get some relief child, let the folks take out the gall bladder." But
then, there would still be my liver which one cannot live without. It
deserves the best that technology can offer, does it not? It's a case of
doing something right the first time. I cannot afford an oopsie. No
one can. We have time because of the miracle of this body which God has
given me and I have taken for granted and abused in so many ways. Still,
in spite of my best efforts to become unhealthy, He took compassion on me and
did not punish me for nearly fifty years of excess. In spite of the
tumors on my organs they still work. Bile ducts doing what they're
supposed to do. Thyroid still on its job (and I'm still unclear just
exactly what it does and does not do). No. The useless gall bladder
has to stay inside of me until an oncologist, and not a general surgeon, takes
But this means I have seven, nine or maybe even ten
more mornings to wake to pain. Ten more days of daily battle in order to
wait out the arrival of my cancer cavalry. I have the strength, inside of
me, of those who waited out slavery, Jim Crow, prison terms, and also that of
the new generation who have won their own personal wars to become medical
doctors, professionals, and other things which they said Black people could not
do. I am Auntie Vonda to them. Sister. Mother. Friend.
Lover. To these folks, my cousins, children, graduate school peers
who have stayed long after the cap and gown have been tucked away, and one
little man who has shown more kindness than I ever knew he possessed, I have
been entrusted with the going concern of my own life. I see no intentions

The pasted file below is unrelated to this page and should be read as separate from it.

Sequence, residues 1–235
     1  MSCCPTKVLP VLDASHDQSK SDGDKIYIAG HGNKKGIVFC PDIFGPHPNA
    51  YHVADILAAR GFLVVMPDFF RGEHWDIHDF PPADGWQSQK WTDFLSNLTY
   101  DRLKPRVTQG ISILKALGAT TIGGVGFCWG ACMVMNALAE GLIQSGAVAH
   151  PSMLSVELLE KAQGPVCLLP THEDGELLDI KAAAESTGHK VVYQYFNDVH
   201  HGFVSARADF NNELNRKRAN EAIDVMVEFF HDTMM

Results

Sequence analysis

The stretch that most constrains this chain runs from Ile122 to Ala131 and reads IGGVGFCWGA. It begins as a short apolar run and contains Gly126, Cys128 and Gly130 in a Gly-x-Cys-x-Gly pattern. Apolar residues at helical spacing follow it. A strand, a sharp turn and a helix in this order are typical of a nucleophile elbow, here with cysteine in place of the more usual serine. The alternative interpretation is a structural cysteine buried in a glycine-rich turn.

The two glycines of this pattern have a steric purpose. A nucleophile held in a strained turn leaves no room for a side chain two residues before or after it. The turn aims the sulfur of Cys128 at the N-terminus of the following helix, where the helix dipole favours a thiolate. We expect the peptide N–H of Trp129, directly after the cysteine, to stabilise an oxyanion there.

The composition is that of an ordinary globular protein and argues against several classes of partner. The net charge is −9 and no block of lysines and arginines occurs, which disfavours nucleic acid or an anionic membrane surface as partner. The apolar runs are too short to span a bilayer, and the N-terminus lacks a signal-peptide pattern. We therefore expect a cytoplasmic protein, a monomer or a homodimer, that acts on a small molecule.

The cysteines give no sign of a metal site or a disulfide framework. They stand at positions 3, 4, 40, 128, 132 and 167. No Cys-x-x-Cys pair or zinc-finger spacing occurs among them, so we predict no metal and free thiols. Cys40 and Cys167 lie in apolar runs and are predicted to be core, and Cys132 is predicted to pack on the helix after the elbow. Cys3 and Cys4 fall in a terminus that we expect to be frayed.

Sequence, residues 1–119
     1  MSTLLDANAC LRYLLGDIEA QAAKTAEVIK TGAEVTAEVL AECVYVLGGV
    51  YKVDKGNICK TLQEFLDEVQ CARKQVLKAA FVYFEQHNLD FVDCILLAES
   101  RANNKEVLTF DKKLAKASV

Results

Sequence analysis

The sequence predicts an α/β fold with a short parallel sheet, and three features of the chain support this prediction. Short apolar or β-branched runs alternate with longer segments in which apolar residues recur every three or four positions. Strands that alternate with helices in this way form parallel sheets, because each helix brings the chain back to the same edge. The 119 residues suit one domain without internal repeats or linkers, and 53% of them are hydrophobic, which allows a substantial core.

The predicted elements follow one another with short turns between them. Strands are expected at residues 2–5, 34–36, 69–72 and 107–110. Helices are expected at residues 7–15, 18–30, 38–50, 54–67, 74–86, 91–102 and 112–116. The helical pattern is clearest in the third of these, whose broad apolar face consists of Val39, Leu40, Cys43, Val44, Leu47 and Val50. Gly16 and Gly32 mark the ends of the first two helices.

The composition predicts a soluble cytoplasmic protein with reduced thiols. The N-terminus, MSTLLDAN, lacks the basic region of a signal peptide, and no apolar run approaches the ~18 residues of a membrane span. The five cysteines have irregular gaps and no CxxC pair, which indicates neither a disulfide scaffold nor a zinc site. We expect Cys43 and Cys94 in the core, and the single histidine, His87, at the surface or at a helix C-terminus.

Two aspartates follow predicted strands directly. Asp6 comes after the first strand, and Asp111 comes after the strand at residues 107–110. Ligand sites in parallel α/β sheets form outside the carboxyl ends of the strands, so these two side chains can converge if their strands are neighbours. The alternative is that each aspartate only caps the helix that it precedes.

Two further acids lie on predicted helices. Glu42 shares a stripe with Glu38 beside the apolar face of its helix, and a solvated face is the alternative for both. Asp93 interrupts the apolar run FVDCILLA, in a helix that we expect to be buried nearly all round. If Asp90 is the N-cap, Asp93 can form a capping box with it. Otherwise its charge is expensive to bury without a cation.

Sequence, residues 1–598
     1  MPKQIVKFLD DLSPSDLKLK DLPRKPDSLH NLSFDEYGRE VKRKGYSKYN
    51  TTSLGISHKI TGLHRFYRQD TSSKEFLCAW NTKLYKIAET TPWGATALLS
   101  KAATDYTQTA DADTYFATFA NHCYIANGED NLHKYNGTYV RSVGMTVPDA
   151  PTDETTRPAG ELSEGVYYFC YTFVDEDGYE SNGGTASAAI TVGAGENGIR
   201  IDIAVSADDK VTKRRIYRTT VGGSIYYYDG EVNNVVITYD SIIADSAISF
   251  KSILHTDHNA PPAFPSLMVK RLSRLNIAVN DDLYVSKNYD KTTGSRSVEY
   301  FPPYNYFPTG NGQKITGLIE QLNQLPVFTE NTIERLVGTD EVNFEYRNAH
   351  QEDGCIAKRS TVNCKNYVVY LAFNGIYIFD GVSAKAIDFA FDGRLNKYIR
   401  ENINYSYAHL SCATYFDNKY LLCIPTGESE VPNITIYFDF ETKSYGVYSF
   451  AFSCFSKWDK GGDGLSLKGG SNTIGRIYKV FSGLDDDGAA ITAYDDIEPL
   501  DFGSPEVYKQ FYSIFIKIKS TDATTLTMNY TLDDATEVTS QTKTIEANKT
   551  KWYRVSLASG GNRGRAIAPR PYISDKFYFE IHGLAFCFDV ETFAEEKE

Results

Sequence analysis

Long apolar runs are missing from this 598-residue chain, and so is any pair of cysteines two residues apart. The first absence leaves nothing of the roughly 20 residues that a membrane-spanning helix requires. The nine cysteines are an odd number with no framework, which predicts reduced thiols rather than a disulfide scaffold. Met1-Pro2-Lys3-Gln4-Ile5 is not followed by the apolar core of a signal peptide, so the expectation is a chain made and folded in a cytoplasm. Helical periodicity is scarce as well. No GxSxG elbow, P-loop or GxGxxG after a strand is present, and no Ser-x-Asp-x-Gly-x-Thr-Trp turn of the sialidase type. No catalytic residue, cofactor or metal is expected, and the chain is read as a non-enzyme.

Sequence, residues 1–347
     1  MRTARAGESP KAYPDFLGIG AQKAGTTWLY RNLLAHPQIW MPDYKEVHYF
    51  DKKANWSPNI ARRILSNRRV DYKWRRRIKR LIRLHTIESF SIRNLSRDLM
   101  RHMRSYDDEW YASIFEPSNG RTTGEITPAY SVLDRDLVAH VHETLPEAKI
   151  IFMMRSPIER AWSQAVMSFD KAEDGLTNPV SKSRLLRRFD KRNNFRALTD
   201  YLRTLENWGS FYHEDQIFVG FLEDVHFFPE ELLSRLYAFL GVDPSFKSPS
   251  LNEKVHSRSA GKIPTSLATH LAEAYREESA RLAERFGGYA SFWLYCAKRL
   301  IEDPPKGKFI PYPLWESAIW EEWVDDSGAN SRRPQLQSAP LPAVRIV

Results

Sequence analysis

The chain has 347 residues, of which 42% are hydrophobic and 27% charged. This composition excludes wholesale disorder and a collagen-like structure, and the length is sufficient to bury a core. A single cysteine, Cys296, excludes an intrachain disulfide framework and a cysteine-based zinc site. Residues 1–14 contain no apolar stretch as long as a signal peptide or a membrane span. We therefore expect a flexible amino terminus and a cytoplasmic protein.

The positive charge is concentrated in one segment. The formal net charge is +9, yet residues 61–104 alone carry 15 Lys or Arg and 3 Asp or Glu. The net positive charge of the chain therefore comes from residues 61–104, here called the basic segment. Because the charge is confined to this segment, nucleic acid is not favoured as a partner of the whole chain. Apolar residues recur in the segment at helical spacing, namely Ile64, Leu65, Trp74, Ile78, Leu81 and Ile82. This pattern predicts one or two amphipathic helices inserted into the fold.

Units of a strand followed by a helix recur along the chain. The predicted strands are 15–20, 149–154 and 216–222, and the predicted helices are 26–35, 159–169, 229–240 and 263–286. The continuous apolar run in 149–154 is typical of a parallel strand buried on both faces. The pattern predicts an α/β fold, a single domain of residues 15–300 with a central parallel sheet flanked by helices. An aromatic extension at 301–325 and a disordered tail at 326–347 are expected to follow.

of failure in my heart. I only see the moments when we are talking, years
later, and joking about this time. There will be laughter one day, just
And did I also tell you that my granma hovers near?
She holds my hand when I wake up. I can smell her! I can hear
her! I can see her when she moves away from me, no longer showing me the
face of a general who musters her troops into a weapon which brings the most
cruel designs to ruin. When she moves away from me I feel hot tears
coursing down her brown face. Scalding her when she is so very far away
from all care. She mourns for me from her grave. I hear my
grandfather praying for me. With all of the intensity he could channel
from his mouth to God's ears. He crashes into the mercy seat and does not
pull himself from his knees until he is sweating in his efforts for God to work
His miracle on me.
I know that this disease is much more than a word.
It is a verb. It is an adjective. It is not abstract (at
least not for me, not anymore). It is real. And it has brought me
to the precipice of my own reality. I am real. I am a force of
nature. I have no intention of giving it any quarters in my mind especially
not in the guise of victor. It can silence me in only two ways: if
I let it or if God wills. These two mechanisms are not unfamiliar as they
are the ideologies under which we all are yoked for every decision of life.
The donut, the drug, the arm of the slot machine can only do what we let
them do. Ne c'est pas? Yes. It is so.
I fight against it. I wait for time to pass
until I can have expert help. I soldier on behalf of my own life and all
who love my life because it's all I can do. I have no other choice except
La Vonda Staples is an adjunct
professor of African American history. She has taught children and adults
alike. She blogs at www.lavondastaples.com